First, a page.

Kat showed us the soils of three vineyards - the dark brown soil of Domaine Begude, the light brown soil of the Chateau Maris and the red soil of Chateau Combebelle et Domaine Montahuc. Kat old us "Benjamin thinks the terroir is good here." We looked solemnly at the 'soil displays' and nodded (no one wanting to appear as mystified by all this as we actually were…). Oh, but the wine! THAT we could appreciate! Whites, Roses, Reds. My favorite? Muscat de Saint Jean de Minervois Domaine De Montahuc - a sweet white wine. Lovely…

 Round and round and round we go!

You are going to think I'm crazy (sigh, you really are…) but one of the most thrilling sights I saw on this trip were (a whole lot of!) rounds of white cheese. I know…"What about those elaborately decorated cathedrals soaring high above your head, and the medieval castles and fortresses with their echoes of royalty and knights and bloody battles, and the impressive ancient Roman feats of engineering (aqueducts) and architecture (coliseum)?" you ask (except I haven't yet described all those sights yet, I thought I would put a teaser in…). "Yes, BUT", I answer "I've seen those sorts of sights on other trips, I've NEVER seen hundreds and hundreds of cheeses lined up on shelves as far as you can see, disappearing into the dark nether-reaches of "les Caves"! THRILLING (really!). You've got to see it to believe it…

Roquefort Caves

Roquefort, the home of the famous Roquefort cheese, is a small town (796 inhabitants) built along the base of the Combalou Plateau, through which are faults or 'fleurines'. Hollowed out in the rocks in story upon story are caves ventilated by the fleurines and in which the white and greenish-blue cheese slowly matures.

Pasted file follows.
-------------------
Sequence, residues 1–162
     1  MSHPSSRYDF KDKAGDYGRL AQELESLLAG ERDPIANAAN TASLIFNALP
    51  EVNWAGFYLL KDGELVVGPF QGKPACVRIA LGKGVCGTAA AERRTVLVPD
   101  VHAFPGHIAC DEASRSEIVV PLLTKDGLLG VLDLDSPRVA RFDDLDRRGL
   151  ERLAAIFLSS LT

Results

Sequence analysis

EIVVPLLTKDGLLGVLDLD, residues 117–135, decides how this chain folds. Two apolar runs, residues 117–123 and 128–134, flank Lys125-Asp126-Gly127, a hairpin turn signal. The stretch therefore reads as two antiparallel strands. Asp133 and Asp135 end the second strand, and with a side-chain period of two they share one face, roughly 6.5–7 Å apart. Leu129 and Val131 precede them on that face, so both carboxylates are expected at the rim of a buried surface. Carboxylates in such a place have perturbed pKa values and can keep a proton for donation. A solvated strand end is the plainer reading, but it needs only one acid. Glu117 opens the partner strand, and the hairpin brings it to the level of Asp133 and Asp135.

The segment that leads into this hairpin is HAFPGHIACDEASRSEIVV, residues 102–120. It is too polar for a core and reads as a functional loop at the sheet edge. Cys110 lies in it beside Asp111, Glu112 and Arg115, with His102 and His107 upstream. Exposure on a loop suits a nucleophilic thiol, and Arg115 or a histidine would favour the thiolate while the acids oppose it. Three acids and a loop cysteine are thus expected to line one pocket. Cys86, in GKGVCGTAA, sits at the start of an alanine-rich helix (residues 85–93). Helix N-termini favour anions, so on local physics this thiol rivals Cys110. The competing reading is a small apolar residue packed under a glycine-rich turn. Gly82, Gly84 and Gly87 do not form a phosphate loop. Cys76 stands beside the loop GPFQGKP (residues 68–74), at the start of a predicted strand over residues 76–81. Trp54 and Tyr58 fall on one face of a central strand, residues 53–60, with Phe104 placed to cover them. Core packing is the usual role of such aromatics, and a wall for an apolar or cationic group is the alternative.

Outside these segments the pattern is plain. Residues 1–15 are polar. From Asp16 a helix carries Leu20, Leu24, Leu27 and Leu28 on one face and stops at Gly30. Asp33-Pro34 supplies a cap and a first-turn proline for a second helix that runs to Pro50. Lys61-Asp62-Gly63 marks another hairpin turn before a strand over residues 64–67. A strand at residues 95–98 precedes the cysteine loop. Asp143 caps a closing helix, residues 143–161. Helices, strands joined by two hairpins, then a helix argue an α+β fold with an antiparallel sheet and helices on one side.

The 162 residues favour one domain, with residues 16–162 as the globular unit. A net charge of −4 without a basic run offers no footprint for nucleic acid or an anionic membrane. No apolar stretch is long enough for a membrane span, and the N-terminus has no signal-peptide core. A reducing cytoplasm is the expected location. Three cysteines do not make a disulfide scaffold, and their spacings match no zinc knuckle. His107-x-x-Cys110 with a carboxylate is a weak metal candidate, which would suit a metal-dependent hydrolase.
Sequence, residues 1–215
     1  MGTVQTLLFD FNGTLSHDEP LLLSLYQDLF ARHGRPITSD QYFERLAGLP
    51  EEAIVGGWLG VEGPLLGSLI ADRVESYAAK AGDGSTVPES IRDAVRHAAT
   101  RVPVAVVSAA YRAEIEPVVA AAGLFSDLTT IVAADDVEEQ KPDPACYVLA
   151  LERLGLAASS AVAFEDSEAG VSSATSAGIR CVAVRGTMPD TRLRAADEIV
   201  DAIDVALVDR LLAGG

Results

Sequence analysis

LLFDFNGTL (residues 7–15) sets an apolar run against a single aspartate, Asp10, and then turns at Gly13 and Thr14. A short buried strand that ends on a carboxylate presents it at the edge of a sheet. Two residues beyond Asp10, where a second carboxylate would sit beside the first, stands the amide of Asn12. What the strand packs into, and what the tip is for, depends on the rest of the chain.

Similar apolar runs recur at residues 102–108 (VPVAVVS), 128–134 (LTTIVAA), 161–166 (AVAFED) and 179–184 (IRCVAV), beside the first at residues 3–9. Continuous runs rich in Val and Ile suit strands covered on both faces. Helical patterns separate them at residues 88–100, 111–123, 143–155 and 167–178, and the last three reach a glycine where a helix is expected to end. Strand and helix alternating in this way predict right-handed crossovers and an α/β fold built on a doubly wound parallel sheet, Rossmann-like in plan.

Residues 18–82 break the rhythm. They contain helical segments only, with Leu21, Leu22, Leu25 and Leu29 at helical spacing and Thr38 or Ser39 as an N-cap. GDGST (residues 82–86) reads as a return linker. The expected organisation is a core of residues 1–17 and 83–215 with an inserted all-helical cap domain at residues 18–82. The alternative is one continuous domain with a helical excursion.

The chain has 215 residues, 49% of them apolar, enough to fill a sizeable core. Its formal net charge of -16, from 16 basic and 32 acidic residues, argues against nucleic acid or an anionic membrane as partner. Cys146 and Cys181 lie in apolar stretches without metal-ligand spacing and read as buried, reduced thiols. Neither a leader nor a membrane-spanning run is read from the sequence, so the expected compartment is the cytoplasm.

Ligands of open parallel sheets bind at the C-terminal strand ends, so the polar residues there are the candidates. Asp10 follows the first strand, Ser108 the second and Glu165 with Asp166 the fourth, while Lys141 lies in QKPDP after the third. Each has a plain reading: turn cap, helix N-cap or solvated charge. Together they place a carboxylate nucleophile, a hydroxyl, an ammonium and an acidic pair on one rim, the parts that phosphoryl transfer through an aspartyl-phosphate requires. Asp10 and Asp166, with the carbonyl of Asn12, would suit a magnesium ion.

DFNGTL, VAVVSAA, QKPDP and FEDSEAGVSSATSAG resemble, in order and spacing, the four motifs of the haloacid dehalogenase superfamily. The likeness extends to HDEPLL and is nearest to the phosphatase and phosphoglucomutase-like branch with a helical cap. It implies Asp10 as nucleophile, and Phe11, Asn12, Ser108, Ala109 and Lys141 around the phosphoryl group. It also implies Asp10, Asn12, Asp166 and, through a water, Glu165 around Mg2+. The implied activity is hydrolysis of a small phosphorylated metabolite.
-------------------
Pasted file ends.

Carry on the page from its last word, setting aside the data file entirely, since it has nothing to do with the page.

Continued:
It all began 'once upon at time' when a young shepherd who was guarding his sheep in a Combalou cave, spied a shepherdess and leaving his meal of bread and cheese behind, followed her (what happened after he caught up with her is NOT explained…). Anyway, when he returned he discovered his cheese was covered with blue and green veins. He tasted it (good grief!) and cried out "this is a miracle!" This is "The Legend".

It was a full day outing up to Roquefort. We drove the highways and superhighways from St. Chinian: east past Bezier; north through Clermont-l'Herault, Lodeve, La Cavalerie; west to Lauras and up into the hills to Roquefort and the Societe Caves. We were an hour or so late though and had missed the tour in English. But even though the tour guide spoke French it couldn't have mattered less. We knew the legend from a handout and so the slide explaining it and showed against the cave walls was still fun to watch; we peered down a cave to see the greenish Penicillium growing on the dank walls and when we got to the caves, I stopped paying attention to the guide altogether. I was busy looking at the sight before me. Cheeses, cheeses and more cheeses, round and white and luminous. Wow! I wouldn't have missed it for anything!!!

Recipes from the "Societe" (changed just a bit…)

Avocado Mousse with Roquefort - Cut avocados in half, scoop out the flesh, mash with lemon juice, blend in equal amts of cheese and whipped cream and pile in the avocados and serve.

Fillet Steaks with Roquefort butter - Mix equal amts of butter and cheese. Grill steaks to taste; serve with the 'butter'.

Apples stuffed with walnut and Roquefort cream - Peel apples and core, cut in half and poach for 2-3 minutes. Put in ovenproof dish. Blend together equal amts of sugar, cheese, butter, and chopped walnuts (plus some cognac if you'd like). Stuff the apples and microwave 3-4 minutes, dribble with honey and serve.

 Bibliography

La Tuilerie brochure
Cooperative Oleicole L'Oulibo brochure (www.epicuria.fr/oulibo/)
Sarrazo Le Mohair des Fermes de France brochure
City Map Roquefort
Societe Visite des Caves brochure
Societe 15 Recipes booklet